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  Clarinet Octave skips  jujomonk at 04:53 on 08 March 2007
 

I was wondering if Clarinet Octave skips were possible whether played quickly or slowly?

I have looked through a couple of orchestration books and have found a general consensus that the octave skip on the clarinet is impossible. The books, though, are pretty outdated, and would surely not incorporate any new technical advancements for the clarinet. So I wasn't sure whether they were right or not.

I looked through the Clarinet Workshop on this site and found one set of octave skips, which was on the first piece by Emily Koh on the third line of writing. It isn't a straight octave skip. It's a trill followed by a flutter and then the octave skip to the same setup, followed by the same thing. It didn't sound like there was much difficulty in playing it, but I didn't know if it was because of how it was setup.

Is it possible to play a single octave skip on a clarinet, play rapid reiterations of an octave skip, extremely difficult to do one or the other, or just absolutely impossible either way?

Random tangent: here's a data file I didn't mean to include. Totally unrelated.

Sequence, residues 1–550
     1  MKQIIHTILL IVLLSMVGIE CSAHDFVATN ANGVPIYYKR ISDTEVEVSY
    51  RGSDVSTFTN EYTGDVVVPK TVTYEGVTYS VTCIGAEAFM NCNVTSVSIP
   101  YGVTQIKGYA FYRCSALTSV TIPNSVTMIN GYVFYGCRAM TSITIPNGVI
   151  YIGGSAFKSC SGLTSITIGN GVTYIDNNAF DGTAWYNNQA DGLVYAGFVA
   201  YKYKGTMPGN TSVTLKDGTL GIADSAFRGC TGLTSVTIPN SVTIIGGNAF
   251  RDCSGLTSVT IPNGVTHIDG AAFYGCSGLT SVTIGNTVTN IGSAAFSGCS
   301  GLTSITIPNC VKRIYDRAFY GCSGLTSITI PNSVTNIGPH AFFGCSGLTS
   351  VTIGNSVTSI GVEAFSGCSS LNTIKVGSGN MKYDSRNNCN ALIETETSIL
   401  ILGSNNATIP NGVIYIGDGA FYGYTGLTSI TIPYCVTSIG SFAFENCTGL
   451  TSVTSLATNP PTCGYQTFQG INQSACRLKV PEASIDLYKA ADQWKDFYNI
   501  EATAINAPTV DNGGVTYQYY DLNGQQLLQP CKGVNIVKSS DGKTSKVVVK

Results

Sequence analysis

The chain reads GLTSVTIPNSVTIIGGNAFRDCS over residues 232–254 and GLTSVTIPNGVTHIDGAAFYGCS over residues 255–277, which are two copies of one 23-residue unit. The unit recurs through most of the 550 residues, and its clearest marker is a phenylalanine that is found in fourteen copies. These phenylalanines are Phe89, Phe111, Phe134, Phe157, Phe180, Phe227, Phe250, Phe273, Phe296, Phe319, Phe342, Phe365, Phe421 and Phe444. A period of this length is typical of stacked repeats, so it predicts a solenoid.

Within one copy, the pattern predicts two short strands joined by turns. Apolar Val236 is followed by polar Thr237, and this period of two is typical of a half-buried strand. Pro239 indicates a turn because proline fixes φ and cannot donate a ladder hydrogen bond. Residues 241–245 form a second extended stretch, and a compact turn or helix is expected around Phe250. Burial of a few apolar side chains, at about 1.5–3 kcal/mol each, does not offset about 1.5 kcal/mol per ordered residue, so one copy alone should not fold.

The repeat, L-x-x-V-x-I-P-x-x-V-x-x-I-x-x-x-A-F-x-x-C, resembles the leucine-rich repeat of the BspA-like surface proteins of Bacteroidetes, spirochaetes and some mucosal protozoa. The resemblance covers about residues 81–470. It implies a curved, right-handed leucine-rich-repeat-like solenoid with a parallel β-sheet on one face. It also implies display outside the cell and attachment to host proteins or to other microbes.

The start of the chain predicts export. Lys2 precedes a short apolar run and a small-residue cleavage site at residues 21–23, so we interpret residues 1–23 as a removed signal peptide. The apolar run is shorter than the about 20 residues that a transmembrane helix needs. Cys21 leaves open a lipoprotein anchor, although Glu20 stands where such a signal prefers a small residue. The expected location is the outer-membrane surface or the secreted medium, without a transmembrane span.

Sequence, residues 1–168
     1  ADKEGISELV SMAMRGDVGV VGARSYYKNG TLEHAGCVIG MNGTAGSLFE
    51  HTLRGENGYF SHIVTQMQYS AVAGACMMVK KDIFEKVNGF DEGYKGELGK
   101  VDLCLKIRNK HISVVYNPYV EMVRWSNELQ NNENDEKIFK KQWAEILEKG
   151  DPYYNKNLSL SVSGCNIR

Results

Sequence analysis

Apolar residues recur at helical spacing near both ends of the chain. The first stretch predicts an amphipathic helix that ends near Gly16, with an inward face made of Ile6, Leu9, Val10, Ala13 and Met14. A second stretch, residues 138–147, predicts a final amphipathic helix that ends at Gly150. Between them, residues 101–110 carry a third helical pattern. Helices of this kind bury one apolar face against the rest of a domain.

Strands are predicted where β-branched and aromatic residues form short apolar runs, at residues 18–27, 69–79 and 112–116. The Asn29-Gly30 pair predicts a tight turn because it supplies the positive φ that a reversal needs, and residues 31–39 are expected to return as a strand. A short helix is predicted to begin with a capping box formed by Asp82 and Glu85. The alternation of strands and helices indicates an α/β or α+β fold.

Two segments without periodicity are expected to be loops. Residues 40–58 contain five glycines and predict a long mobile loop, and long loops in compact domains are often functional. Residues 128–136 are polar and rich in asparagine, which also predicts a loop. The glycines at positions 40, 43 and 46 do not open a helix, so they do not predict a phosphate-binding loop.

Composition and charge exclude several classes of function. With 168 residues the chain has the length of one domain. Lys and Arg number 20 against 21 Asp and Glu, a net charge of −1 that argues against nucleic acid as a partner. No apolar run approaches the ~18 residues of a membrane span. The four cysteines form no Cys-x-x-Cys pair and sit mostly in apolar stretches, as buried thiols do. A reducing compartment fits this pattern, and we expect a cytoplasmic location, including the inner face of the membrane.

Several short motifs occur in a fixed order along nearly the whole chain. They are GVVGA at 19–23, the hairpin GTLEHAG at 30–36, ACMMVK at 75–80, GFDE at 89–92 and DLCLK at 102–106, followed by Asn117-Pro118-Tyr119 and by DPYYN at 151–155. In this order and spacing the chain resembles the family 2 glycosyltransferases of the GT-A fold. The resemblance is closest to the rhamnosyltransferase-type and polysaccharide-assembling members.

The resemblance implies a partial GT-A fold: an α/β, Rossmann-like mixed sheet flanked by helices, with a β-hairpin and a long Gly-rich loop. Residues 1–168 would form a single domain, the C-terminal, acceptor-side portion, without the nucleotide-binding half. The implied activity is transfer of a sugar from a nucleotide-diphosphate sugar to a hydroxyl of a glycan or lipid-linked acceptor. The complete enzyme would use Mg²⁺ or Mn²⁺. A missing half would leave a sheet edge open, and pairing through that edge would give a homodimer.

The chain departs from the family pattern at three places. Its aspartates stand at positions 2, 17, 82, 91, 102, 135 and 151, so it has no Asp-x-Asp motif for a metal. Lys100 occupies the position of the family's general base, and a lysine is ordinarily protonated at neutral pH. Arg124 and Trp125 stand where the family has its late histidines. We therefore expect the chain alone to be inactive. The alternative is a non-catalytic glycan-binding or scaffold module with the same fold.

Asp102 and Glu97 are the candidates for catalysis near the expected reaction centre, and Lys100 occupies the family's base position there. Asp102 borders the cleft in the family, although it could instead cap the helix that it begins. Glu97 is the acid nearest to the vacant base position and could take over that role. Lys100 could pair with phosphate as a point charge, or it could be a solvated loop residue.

Re: Clarinet Octave skips  Team Gaughan at 12:35 on 08 March 2007
 

I my experience most players will adapt to whatever you write for them. I have often writen glissandos for the clarinet (and bass clarinet) and to my surprise they have been wonderfully performed

The clarinet itself in the hands of an excellent player seems almost capable of anything composers can throw at it. The recent Clarinet forum was brilliant. If the player can't perform exactly what you require they ofen come up with something just as good or better.

Check out pieces like George Benjamins 3 Inventions which has an excellent solo or Michael Berkleys Concerto as well as the Mozart Concerto (which has almost everything you need for wonderful Clarinet writing) as well as the much debated Clarinet gliss at the start of Gershwins Rhapsody in Blue.

  Re: Clarinet Octave skips  James McFadyen at 00:30 on 10 March 2007
 

Yes, leaps of an octave are permissable in fast sucession.

The main reason for this is due to the fact that the Clarinet overblows at the octave.

Of course, it goes without saying not to take this too far and write something that is way too fast.

My advice is they will serve as a good colouration device, not unlike grace notes and mordents, etc.

A Clarinet glissando is something different altogether and they are well suited to the instrument and extremely effective, especially in the legato.

Hope this helps.

  Re: Clarinet Octave skips  red5 at 20:02 on 10 March 2007
 

Sorry James but you are wrong. The clarinet actually overblows the twelfth. Flutes, oboes et. al overblow the octave but the clarinet is the twelfth. This is why octave leaps are tricky, but not impossible, on the clarinet.

  Re: Clarinet Octave skips  James McFadyen at 20:12 on 10 March 2007
 

Yes, my mistake, they do overblow at the twelfth.